For me coaching is a mindset and way of being which means I use coaching a variety of ways. Taking the opportunity to create the space where solutions can emerge. To me this requires listening and asking quality questions then leaving the space for the answers. I have started to focus more on coaching externally and I am loving the change.
What are some of the issues you coach people around and how are you measuring the effectiveness of the coaching?
My clients’ issues are mainly around leadership, management, career progression, newly promoted managers or leaders, personal and professional development in existing roles. I measure the effectiveness of my engagement with awareness assessments before, during and after along with feedback during and after coaching engagements.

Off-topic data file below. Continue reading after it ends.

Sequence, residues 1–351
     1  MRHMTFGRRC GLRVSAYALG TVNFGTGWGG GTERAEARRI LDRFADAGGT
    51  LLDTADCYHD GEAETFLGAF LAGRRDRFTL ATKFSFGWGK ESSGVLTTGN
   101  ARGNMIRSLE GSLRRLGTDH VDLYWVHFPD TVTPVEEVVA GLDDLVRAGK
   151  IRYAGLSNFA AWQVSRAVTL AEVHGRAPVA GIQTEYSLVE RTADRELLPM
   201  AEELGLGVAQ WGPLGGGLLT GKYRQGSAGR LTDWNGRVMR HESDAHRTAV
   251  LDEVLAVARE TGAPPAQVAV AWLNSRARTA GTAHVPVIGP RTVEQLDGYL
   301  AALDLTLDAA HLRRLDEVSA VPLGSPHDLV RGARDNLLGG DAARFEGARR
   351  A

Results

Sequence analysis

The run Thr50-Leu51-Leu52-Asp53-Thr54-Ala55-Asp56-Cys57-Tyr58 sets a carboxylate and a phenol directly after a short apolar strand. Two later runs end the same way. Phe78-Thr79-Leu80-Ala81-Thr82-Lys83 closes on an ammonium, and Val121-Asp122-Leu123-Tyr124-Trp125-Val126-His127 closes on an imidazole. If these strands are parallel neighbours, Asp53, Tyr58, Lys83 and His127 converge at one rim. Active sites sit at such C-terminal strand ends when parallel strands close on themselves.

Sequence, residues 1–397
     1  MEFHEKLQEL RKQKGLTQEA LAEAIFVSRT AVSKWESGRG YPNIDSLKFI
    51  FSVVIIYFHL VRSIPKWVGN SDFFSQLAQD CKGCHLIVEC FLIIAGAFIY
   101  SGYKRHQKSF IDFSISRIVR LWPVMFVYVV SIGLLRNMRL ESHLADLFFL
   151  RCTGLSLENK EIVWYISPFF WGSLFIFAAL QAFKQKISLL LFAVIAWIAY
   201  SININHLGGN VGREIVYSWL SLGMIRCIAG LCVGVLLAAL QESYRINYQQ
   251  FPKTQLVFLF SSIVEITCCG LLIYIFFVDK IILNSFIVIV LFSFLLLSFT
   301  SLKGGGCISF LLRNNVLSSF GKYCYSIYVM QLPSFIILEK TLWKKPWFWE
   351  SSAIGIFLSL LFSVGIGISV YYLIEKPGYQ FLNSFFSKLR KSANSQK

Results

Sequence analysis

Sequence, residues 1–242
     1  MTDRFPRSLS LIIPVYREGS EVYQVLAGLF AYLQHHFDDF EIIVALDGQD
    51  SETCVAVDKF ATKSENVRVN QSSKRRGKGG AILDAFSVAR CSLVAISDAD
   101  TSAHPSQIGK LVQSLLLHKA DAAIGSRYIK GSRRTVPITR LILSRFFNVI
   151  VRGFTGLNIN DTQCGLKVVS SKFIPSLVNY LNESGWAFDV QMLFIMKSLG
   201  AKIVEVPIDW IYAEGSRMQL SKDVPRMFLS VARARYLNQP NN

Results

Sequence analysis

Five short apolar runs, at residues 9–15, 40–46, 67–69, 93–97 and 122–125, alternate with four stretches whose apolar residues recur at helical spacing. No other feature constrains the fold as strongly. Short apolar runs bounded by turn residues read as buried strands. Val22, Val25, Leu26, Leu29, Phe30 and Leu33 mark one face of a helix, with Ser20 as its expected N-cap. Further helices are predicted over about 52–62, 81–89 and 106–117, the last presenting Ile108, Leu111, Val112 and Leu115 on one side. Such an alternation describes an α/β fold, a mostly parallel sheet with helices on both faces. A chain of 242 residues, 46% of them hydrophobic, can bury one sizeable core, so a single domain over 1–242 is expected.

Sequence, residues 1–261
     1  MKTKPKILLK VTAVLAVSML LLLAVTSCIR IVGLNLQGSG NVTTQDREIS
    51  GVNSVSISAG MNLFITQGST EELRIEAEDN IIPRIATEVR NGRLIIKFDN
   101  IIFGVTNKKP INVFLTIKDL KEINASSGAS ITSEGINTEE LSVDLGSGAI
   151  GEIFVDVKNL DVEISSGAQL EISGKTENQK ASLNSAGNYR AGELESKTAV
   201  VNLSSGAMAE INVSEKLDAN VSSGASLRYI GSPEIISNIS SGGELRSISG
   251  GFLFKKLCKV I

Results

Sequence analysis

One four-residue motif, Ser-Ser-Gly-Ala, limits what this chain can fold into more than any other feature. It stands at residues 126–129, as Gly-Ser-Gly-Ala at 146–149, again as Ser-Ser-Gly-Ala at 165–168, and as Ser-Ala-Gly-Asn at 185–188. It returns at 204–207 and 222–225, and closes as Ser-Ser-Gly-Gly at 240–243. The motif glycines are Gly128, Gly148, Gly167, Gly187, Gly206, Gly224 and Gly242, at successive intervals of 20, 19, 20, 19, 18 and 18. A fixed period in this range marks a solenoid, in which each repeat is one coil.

Whilst respecting confidentiality, can you tell us about a coaching situation that had an impact on you?
I feel that all my clients have an impact as I get to be present to their growth and aha moments. I love to watch the moment when there is a shift in perspective and belief. The light of recognition is always so visceral! It is very rewarding to see this happen.
What do you find most rewarding about your work as a coach?
Creating the space for clients to find their own answers and watching this unfold is one of the greatest gifts. I have the privilege of holding the space that allows clients to tap into their innate wisdom. It is an amazing feeling to accompany someone on this journey; after all there is only one expert in the room and that is your client, as for me, no one else can be an expert on you, but you!
Our deepest thanks to Vinetta for sharing her personal journey and experience of coach training at the AoEC.